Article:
PHILADELPHIA -- The tear in the stomach muscle of Ryan Zimmerman, repaired Tuesday by Dr. Bill Meyers, was less extensive than expected, leaving the Nationals fully expecting their star third baseman back by mid-June.
"The doctor told me, 'Six weeks until he's in the lineup.'" Washington general manager Mike Rizzo said. "It wasn't as invasive as it could have been for that type of surgery.
"[Zimmerman] is at the hotel here in town resting comfortably. He will be here [at Citizens Bank Park on Wednesday] to begin his rehab."
Zimmerman first felt discomfort during Spring Training, then did more damage to himself with a slide into second base the second week of the season. He hasn't played since April 9. A visit with Meyers here Friday confirmed the necessity of surgery to get Zimmerman back in the shortest amount of time.
"It started out very minor back in the beginning of March," said Dr. Wiemi Douoguih, the Nationals' medical director. "We shut him down ... [but when] he slid into second base during a game the first or second week of April, then it really got much worse after that.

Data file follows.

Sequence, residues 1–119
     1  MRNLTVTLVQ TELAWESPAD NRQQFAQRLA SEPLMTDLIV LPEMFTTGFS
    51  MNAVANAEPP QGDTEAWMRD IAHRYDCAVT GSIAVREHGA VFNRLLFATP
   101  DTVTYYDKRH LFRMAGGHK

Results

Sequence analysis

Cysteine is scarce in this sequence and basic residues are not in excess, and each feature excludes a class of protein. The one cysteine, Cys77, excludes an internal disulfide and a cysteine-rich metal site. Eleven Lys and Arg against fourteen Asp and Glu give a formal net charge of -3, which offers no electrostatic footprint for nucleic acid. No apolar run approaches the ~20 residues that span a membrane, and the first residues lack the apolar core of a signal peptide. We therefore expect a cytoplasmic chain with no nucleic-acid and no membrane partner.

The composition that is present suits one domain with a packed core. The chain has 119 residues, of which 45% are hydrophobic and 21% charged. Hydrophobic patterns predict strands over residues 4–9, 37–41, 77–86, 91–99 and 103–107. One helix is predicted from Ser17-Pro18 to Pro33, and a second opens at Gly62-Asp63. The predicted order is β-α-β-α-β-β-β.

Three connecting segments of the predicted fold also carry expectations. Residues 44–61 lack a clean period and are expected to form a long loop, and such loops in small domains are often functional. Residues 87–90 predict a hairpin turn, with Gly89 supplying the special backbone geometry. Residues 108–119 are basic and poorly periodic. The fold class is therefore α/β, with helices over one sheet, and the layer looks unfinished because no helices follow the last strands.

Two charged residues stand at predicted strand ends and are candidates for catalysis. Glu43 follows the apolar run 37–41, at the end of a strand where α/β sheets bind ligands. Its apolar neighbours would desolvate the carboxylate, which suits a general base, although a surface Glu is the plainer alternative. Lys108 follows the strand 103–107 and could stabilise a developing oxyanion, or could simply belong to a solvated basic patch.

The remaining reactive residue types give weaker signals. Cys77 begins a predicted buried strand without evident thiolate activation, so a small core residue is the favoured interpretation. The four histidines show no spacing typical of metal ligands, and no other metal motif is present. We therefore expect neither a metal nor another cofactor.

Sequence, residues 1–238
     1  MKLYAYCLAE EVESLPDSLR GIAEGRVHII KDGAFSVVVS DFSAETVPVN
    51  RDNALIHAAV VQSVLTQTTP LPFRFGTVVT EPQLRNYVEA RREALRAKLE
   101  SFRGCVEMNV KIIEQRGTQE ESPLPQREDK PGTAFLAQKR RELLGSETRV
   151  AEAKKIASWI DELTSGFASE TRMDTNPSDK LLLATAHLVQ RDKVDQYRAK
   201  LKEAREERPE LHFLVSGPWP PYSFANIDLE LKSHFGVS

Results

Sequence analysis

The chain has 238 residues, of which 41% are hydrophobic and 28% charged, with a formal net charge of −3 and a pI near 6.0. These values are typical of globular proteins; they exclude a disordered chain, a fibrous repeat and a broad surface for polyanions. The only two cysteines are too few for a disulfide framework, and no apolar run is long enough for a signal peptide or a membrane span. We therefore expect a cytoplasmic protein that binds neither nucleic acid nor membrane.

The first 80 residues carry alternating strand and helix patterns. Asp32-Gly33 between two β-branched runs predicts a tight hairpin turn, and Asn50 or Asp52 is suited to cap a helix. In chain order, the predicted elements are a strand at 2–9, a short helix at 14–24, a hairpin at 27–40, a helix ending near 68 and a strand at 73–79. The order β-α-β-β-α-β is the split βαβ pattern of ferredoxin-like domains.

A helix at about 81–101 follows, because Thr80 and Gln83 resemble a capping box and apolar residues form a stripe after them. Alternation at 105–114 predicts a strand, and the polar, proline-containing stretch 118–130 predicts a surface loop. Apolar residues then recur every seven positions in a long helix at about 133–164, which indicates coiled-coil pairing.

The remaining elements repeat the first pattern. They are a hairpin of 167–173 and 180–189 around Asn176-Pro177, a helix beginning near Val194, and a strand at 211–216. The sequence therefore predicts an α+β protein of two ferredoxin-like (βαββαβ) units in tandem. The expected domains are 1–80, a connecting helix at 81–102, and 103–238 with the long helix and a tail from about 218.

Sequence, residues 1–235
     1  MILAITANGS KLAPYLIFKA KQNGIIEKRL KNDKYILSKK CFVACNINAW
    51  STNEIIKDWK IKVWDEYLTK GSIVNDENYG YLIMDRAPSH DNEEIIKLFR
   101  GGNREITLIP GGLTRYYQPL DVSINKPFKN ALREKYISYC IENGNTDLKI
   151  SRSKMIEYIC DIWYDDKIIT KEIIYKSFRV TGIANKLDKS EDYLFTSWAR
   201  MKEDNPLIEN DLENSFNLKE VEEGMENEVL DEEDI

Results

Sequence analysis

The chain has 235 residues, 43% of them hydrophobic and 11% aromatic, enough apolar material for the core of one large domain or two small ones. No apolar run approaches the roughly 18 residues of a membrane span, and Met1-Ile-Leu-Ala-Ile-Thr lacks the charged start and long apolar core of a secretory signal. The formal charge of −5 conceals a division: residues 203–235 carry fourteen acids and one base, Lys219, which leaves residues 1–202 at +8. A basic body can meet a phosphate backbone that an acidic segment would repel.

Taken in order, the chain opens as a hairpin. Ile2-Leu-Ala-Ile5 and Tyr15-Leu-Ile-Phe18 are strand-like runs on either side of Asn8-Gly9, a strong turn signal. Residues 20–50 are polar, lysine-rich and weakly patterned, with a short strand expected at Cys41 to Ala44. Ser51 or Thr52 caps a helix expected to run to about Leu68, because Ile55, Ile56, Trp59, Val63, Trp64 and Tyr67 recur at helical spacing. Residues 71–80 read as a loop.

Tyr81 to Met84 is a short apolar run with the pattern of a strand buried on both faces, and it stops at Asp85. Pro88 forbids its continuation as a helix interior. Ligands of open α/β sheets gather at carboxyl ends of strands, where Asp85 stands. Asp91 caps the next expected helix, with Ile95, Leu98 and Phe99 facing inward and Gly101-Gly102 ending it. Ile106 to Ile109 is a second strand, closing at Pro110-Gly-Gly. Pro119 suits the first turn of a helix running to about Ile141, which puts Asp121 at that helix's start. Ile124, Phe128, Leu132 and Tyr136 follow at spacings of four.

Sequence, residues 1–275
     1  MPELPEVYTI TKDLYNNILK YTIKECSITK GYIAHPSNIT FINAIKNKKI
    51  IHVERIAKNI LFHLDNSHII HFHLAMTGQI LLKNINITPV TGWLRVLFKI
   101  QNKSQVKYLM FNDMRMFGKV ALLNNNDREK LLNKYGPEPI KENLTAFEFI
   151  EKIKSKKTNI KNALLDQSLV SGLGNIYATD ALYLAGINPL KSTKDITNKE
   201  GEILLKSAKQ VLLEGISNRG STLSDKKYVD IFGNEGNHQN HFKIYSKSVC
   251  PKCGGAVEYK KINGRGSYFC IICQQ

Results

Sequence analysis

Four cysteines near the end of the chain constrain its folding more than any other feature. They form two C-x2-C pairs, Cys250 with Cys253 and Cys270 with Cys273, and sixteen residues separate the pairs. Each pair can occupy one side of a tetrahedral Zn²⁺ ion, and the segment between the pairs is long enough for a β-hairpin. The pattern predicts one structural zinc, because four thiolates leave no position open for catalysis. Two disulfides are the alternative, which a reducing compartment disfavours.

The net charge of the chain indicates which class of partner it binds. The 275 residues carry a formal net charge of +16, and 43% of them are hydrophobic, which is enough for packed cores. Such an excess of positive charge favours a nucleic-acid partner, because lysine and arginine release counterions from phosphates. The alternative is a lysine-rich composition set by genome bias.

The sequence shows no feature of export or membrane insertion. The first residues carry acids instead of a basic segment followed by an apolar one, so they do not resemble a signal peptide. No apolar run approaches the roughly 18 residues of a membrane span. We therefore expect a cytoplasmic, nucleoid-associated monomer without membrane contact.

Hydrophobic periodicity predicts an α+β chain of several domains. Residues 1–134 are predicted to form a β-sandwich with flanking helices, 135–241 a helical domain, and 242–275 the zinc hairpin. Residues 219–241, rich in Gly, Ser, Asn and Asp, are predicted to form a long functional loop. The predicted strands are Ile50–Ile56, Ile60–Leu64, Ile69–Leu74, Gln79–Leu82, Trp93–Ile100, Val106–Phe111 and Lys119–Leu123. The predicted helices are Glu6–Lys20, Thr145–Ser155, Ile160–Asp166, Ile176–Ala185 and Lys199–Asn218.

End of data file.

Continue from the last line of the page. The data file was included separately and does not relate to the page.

"That's when we shut him down and put him on the [disabled list]."
In Zimmerman's absence, 13 starts at third base have been taken by utility man Jerry Hairston, but with Rick Ankiel taking a one-day break to nurse a hand he rolled in making a catch Monday night, Hairston was in center Tuesday and Brian Bixler at third as the Nationals opened a series with the Phillies.
"[Hairston] is a baseball player, pretty good anywhere," manager Jim Riggleman said. "I have always felt if a guy can play short, he can play center field.
"There are going to be some big people playing short in today's world, but most in a pinch if you needed them in center, they could fit in there. And Jerry's in that group."
Zimmerman will continue his rehab in Washington while the team continues on its three-city trip to Miami and Atlanta. In his absence, the Nats are 13th in the National League in RBIs and 15th in batting average.
Jay Greenberg is an associate reporter for MLB.com. This story was not subject to the approval of Major League Baseball or its clubs.